The Bangladesh Textile Mills Association (BTMA) recently sought cent per cent import duty exemption for all types of fibre as the global demand for diversified clothes has been on the rise. It also suggested raising the wastage rate for producing yarn from raw cotton to 17 per cent from 10 per cent. The government allows duty-free import of five types of traditional fibres—raw cotton, polyester staple, viscose staple, tensile and flux fibre.
“Nowadays, our foreign buyers specify fabrics and fibres for their ordered clothes. So, textile mills are importing many little-known fibres, apart from the traditional ones, as per their requirements,” BTMA president Mohammad Ali Khokon wrote in a letter to the ministry of commerce.
“Even, the fibres are not on the customs schedule containing the Harmonised System (HS) codes (a standardised numerical method of classifying traded products). As a result, textile mills import the little-known items under HS codes for similar products. Unfortunately, the customs authorities sometimes identify such imports as false declarations and fine importers,” Khokon said, adding that it was not the fault of importers.
The Bangladesh Textile Mills Association has sought cent per cent import duty exemption for all fibre types as the global demand for diversified clothes has been on the rise.It also suggested raising the wastage rate for producing yarn from raw cotton to 17 per cent from 10 per cent. The government allows duty-free import of five types of traditional fibres.
He urged the government to take necessary steps for hassle-free imports and exempt duties on all the non-traditional fibres to promote export diversification and expansion, according to Bangla media reports.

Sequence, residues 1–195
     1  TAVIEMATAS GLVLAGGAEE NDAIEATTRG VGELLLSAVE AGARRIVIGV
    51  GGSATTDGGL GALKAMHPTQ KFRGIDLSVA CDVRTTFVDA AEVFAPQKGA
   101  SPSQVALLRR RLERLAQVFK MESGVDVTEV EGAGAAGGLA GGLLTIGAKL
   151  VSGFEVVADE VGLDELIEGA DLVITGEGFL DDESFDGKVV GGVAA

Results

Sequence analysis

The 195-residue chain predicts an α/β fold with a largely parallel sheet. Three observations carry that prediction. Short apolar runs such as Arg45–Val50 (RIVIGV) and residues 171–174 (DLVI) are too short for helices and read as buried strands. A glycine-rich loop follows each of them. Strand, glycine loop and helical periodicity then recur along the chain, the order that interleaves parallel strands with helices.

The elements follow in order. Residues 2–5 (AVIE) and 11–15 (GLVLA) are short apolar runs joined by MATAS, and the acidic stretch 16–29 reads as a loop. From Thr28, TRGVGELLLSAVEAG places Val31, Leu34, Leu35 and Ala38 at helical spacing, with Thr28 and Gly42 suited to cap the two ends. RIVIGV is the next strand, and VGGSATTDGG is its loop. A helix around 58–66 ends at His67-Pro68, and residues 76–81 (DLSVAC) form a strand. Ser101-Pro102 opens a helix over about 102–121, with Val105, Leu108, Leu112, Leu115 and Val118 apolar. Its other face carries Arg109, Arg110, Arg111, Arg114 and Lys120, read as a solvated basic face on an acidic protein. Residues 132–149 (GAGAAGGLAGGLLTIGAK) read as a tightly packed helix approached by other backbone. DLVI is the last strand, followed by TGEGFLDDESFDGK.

Non-traditional fibres include synthetic staple, linen, Lycra T-40, Remie, acrylic staple, cationic cotton, textured, metallic, pulled fibres and PCW.
The BTMA, in the letter, requested the ministry to brief the National Board of Revenue about the matter so that the revenue agency can consider the duties exemption in formulating the national budget of the upcoming fiscal.
The trade body also requested the government to continue the 15 per cent corporate tax rate facility until 2026 for companies in the sector. The tax waiver is supposed to end in June this year, which the sector has been enjoying since 2019-20 fiscal.
The association said the reduced corporate tax rate helped them increase capital and continuing such a facility would also benefit the government in the long run.
The trade body also demanded reducing import-duties on textile parts like capital machinery to 1 per cent from the existing 26-104 per cent and cutting down value-added tax on locally manufactured yarn to Tk 3 per kg. Currently, it is Tk 6 per kg. Mentioning that the real wastage rates in yarn production were higher than government fixed rates, the organisation called for increasing the rates to 17 per cent for the yarn for raw cotton, up from the existing 7-10 per cent.
It suggested a 34 per cent wastage rate for producing yarn for export purposes, which is currently 10-12 per cent.
Fibre2Fashion News Desk (DS)